Chris Skorupa has has been working with AgTerra for nearly a year and has already been making huge strides with the software. Skorupa is the president of Beartooth Fertilizer, a company based out of Roberts, Montana, that specializes in a wide variety of agriculture services from dry fertilizer sales and application to no till drill services and custom grass seed blends, plus much more. Because Skorupa’s company provides services to customers in both Montana and Wyoming, he utilizes maps to keep track of customers, crops, and applications.

Skorupa turned to AgTerra after an unfortunate computer crash led to the loss of map data he was previously keeping in Google Earth Pro. The switch to MapItFast gave him the ability to keep his data in a safe, centralized location while giving him the ability to access it from any desktop or mobile device.

Chris was kind enough to share his story with us, and we are exciting to pass it along to you. Read the full story below.

How to Keep it All in Sync

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How to Keep it All in Sync

AgTerra’s products are designed to keep your map data, form data and spray data all in one place on a secure server. The sharing of data between a mobile device and your organization’s database is as simple as ensuring the device has an Internet connection and letting MapItFast do the rest. Sometimes however, additional factors may come into play and affect how data is shared between a mobile device and the database. Below are some suggestions that can help if you notice data isn’t making it off the device and onto the website.

Simultaneous User Logins – If the same username and password is used to log into another mobile device, MapItFast will detect the new login and all other devices currently using these credentials will be logged out of the MapItFast app. If the user is not aware that this has happened, the app will continue to allow them to collect map data, but none of the changes will sync with the server.

Try this: In most cases, the user will get a pop-up window in the app with a message saying that another device has logged in with the same user credentials. If you do not see this message but your data is still not syncing, check the app status in the lower left corner of the MapItFast screen. If it says “Not Logged In. Login Failed” your device will not be 

Simultaneous Object Editing -When a map object gets edited by two users (either on the computer or on the app) within minutes of each other, the MapItFast app will notice the data conflict and alert the user. Since the data came into the database at about the same time, a notification will appear in the MapItFast app and ask the user if they want to apply the changes they made or leave the object as it is currently on the server.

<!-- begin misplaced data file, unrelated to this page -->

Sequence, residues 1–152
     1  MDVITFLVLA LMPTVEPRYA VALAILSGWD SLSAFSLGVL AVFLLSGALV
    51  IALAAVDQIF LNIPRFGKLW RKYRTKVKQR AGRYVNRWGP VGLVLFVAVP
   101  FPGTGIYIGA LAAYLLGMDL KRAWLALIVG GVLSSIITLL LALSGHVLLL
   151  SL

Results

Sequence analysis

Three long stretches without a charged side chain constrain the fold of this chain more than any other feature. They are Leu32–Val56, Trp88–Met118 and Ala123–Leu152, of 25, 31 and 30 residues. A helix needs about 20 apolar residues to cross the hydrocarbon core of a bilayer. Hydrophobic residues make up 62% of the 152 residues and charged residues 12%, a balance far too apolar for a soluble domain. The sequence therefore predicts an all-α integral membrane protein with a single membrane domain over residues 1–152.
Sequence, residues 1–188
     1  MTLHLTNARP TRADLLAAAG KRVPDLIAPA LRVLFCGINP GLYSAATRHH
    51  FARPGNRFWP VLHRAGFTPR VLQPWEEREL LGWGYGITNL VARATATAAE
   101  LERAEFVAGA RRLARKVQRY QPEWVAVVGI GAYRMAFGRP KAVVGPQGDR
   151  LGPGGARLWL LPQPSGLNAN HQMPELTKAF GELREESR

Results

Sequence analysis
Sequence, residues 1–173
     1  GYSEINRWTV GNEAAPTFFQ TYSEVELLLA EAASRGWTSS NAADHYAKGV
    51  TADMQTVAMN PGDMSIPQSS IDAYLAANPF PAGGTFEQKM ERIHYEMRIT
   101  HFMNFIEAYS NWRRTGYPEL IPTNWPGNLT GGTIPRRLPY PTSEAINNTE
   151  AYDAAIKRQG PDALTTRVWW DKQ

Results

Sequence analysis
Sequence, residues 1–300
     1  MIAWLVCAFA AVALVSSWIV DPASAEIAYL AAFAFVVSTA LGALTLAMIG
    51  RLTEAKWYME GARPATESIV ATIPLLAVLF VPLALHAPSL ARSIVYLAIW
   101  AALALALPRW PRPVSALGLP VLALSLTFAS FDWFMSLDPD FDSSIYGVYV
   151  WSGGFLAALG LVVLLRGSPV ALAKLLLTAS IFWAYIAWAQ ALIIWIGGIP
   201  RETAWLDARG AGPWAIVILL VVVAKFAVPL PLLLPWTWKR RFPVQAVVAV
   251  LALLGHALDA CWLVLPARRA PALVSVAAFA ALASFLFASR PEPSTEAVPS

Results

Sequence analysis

Solution: Verify whether your changes can override the information currently on the server. If you want to apply your changes, tap the ‘Use This’ button under My Data. Otherwise, select the Server Data option to disregard your changes. The conflict message will go away. If you still see a yellow triangle on the bottom of the screen after clearing the message, try closing MapItFast and re-opening it. The he icon should now be gone.

Limited Internet/Data Connection – When working in remote areas, a devices with a data plan may occasionally have a weak data connection (or no connection) for transferring data to the server.  When this happens, your map data and current user location may not show up right away on other user’s devices or on the website dashboard.

Try this: If you know that a location is going to have a spotty data connection, you can opt to turn off synchronization until you’re back in an area with a good Internet connection. This setting is found in the Settings menu of MapItFast under Sync Settings. Simply, uncheck the box next “Enable Synchronization” and collect data as usual. When you get back to an area with a strong Internet connection, simply re-check the box to enable synchronization and MapItFast will push your collected data to the server.

Not enough time to sync – If a device has been used to collect a large amount of photos, forms, and/or spray data while offline, the data can get “backed up” and it may take a while for all of the data to show up on the desktop.

Try this: Make sure your device is connected to a strong, reliable Internet source, then open the MapItFast project you wish to sync. Allow the device to sit with the project open for at least 15 minutes. After this time has elapsed, check the project on the MapItFast website to see if the project data has come through. Large projects with many photos or forms may take even longer to sync.

Device hardware issue – Although it is a rare occurrence, mobile devices can sometimes run into unexplained internal errors that can cause performance issues in apps. If an app is simply not responding in an expected way or an expected error message occurs, the solution may be as simple a simple as rebooting the device.

Try this: Shut down your device completely (not just a restart), wait ten seconds, then turn it on again. This simple act of starting the device fresh can often help clear out errors that cannot be resolved with any other suggestions described in this post.

Follow these troubleshooting tips to make sure your MapItFast data gets where it needs to go, every time!

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Forms on Apple Devices

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Forms on Apple Devices

The introduction of forms on Apple devices opened up a new set of options for iOS users. During AgTerra’s development phase of Apple forms, a few features had to be tweaked in order to fall within applications standards of the Apple Store. Those familiar with Android forms can expect a very similar form-filling experience, with a slightly different look and feel to the pages.